Thursday, December 17, 2009

The Power of the Dog: Winslow's Opus

At one time, I read my share of historical novels. I'm thinking it's a phase for many readers, but don't quote me on that. James Clavell's Shogun and Tai-pan, a Michener or two, and The Right Stuff by Tom Wolfe, to name a few, are some that have come my way. I still dabble in them, from time to time - I have Michael Shaara's The Killer Angels somewhere on the audiobook stack, patiently waiting. What I didn't realize was author Don Winslow was going to sneak one through ahead of it without me being aware. Ever since last spring's Festival of Books and the Robert Crais moderated panel with DW, Joseph Wambaugh, and T. Jefferson Parker, I started my gallivant of the San Diego-based author's work. First with The Winter of Frankie Machine, then on to The Dawn Patrol. Fun, enthralling standalone reads that showcased the man's talent in storytelling. The way he writes his characters, and their manner of speaking, both novels have that distinct characteristic of a writer very comfortable with the type of people and situations unique to the Southern California lifestyle (including his passion of surfing), crime, and the genre fiction of both.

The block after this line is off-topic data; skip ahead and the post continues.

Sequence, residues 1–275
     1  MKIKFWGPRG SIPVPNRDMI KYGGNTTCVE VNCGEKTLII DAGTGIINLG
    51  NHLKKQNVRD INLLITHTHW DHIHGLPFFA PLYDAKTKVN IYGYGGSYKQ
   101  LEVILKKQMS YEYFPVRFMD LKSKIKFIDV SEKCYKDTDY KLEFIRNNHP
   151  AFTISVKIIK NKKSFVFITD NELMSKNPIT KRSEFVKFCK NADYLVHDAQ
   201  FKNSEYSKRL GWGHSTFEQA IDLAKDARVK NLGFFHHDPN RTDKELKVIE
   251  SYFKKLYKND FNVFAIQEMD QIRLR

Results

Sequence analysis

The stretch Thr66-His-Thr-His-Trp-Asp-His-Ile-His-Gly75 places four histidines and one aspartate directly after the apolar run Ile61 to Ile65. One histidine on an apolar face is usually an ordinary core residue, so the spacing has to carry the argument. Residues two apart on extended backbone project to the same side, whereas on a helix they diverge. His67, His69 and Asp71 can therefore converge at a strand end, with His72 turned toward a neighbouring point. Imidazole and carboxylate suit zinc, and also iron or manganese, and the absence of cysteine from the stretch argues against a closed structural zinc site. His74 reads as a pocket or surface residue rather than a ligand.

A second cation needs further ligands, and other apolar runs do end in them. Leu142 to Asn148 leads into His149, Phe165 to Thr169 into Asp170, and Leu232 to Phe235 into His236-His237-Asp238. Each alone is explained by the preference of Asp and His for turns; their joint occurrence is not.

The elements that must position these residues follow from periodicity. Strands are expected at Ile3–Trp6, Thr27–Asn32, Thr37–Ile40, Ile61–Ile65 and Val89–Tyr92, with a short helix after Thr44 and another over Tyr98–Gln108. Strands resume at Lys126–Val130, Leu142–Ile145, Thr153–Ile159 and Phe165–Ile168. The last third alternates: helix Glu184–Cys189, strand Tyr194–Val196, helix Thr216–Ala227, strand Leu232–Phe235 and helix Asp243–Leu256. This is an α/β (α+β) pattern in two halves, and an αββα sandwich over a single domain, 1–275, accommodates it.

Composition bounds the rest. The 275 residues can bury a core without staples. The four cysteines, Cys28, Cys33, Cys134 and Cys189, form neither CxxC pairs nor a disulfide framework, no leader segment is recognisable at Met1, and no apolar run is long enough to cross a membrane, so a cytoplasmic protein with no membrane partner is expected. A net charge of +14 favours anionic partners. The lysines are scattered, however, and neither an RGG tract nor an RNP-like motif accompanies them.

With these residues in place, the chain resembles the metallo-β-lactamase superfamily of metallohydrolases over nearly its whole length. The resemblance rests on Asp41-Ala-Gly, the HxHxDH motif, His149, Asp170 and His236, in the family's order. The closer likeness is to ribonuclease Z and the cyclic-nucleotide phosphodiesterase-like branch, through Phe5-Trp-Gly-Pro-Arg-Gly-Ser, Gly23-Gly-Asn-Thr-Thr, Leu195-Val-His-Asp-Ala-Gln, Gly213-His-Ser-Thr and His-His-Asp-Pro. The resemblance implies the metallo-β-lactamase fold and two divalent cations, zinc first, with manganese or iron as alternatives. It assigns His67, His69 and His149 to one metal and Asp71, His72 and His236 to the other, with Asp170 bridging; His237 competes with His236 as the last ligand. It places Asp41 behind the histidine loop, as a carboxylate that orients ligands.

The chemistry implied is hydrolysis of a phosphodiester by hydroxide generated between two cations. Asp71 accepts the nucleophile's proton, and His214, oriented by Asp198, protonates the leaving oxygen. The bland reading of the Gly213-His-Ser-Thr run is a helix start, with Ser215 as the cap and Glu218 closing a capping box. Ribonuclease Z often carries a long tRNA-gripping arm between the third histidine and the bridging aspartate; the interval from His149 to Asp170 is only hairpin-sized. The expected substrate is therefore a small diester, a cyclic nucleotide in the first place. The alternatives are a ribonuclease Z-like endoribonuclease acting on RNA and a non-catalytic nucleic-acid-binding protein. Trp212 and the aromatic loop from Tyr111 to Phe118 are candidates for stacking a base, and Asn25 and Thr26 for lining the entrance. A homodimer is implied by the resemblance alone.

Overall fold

This post has been updated and movie to my current blog, which is found here.

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  1. Having just finished The Gentlemen's Hour (another book I've read courtesy of you, how about that?), and what with the way I enjoy Craig McDonald's melding of fact and fiction, I think I would very much enjoy Power of the Dog.

    BTW, did you read GH before it began making its rounds?

  2. I think you would enjoy The Power of the Dog, Corey. Remember your Greek mythology? I couldn't help but recall Nemesis while I took this in among the main characters.

    I'm also looking forward to Craig McDonald after I finish the short non-fiction audiobook I have now (I guess I think of it as that glass water before diving into another entrée). I'm planning on reading The Gentlemen's Hour when it returns. Thanks, Corey.

  3. I just finished this book and my back aches from the tension in the last 100 pages. I am awed!

  4. Also, do you know the name of the HBO documentary based on this, or where I can find it?

  5. I'm glad you enjoyed the book, Rachel. Awed is a perfect word for it. Thank you for the comment.

  6. I didn't know that! I'm going to research... now! Thanks, Rachel.